Yep, Jogja has a Sultan who has actual decision-making power, although it is a hereditary title. The current one has no sons and has named his eldest daughter as the heir, apparently with some resistance. Many people think his brother should be next (including said brother), but if you’re going to have a Sultan, it may as well be a woman.  That’s what I always say, and maybe Jogja will too when the time comes.

Kotagede: another area full of ancient buildings and ruins and mosques. Beautiful and interesting to walk around, especially if you have a lovely new friend to explore with like I did.

Alun Alun Kidul: this is one of two main squares in the Kraton area, with food stalls and the two trees challenge. If you can walk across the square blindfolded and still walk between the two trees then, congratulations, you’ll have good fortune! I didn’t try this so my future fortunes are as much in doubt as ever. There’s a buzzing atmosphere at night, with peddle cars taking people around the square, blaring music and blinged out with neon lights ranging from ‘I heart Jogja’ (can’t argue with that) to random cat and turtle designs (ok I can’t argue with that either).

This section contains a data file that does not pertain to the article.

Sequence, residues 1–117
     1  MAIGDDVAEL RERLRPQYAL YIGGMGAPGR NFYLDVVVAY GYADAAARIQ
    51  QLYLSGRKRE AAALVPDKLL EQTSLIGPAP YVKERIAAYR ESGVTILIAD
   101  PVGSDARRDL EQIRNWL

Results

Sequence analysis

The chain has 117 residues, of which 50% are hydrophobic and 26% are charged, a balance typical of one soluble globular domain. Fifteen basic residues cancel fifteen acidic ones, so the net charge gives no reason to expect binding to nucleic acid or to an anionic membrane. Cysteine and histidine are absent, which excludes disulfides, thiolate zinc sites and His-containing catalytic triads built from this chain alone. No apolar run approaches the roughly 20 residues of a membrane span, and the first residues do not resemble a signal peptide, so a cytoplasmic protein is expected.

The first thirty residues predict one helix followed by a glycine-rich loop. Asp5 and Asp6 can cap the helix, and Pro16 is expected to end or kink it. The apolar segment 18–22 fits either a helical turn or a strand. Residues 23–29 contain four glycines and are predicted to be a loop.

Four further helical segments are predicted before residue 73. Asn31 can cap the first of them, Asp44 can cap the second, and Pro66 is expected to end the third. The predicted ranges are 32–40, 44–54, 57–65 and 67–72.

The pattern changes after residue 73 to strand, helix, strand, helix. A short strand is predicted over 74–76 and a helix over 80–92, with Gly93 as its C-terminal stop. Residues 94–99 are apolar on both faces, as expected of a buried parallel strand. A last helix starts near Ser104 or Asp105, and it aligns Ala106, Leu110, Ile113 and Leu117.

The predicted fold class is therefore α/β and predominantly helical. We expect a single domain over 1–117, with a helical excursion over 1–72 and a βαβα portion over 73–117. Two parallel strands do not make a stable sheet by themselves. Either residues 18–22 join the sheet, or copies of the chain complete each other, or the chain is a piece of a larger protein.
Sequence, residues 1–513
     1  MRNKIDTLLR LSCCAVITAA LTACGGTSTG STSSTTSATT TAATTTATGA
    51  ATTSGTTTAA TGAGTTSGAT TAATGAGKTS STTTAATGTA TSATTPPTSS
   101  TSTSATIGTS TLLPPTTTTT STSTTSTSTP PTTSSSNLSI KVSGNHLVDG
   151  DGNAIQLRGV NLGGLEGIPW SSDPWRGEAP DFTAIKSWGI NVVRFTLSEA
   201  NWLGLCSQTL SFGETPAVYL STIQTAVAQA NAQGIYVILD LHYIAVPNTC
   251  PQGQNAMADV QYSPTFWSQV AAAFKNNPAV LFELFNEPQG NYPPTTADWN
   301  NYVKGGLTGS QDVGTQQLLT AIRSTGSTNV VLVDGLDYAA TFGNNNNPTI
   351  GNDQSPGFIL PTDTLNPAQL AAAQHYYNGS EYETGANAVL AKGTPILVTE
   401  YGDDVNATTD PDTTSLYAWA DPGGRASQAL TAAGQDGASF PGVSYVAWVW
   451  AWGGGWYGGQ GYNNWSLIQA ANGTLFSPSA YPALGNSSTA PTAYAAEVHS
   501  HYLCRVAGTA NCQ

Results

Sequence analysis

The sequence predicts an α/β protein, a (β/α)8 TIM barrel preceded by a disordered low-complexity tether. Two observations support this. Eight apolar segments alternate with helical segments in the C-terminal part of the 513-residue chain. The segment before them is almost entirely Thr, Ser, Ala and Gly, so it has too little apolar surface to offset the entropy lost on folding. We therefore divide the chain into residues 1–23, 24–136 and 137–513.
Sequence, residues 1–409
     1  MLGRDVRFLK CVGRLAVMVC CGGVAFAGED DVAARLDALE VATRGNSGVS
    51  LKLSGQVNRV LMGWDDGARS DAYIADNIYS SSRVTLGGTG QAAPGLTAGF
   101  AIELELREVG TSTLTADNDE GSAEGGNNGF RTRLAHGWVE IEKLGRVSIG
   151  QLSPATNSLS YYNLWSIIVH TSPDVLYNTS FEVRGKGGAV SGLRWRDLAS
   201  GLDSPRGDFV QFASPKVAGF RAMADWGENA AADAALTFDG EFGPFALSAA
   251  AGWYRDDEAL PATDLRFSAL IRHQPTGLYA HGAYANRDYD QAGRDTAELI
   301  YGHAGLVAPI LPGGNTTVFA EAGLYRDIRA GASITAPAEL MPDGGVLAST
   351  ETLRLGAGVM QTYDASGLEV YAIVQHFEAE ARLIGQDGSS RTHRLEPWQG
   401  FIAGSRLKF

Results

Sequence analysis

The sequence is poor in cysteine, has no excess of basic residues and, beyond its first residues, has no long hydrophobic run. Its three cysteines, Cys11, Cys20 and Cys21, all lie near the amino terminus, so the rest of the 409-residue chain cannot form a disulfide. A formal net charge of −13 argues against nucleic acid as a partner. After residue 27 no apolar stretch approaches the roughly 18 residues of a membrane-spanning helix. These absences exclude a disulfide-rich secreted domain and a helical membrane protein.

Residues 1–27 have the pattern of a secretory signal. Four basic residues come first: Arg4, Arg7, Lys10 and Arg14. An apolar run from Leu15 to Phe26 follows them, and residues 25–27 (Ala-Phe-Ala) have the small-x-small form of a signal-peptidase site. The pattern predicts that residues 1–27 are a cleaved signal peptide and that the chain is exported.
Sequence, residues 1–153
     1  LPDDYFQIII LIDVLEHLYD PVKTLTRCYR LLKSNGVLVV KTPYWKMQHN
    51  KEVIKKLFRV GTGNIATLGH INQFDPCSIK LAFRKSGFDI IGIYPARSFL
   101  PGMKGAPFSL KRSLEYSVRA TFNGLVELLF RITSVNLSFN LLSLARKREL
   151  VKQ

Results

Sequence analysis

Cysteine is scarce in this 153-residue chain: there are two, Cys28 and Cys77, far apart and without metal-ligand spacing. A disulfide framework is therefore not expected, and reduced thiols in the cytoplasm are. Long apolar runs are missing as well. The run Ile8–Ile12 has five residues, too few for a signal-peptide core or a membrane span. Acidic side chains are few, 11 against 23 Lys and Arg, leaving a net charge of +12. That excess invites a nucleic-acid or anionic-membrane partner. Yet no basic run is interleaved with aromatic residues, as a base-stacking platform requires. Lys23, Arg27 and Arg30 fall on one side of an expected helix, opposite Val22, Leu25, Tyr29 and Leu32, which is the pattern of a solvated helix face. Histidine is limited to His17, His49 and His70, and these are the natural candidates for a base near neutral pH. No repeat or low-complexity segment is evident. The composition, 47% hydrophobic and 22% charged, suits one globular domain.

If you want some cheese and chocolate on toast, this is also the place for you, but who are you and why do you want this? The blip in Indonesia’s otherwise amazing food for me has to be the disturbing trend of chocolate and cheese.

There was some kind of festival on in Alun Alun Lor, the other square, including a huge market and some kids on stage singing and dancing. It was possibly the cutest thing I’ve ever seen in my life, and I look at a lot of dogs on instagram.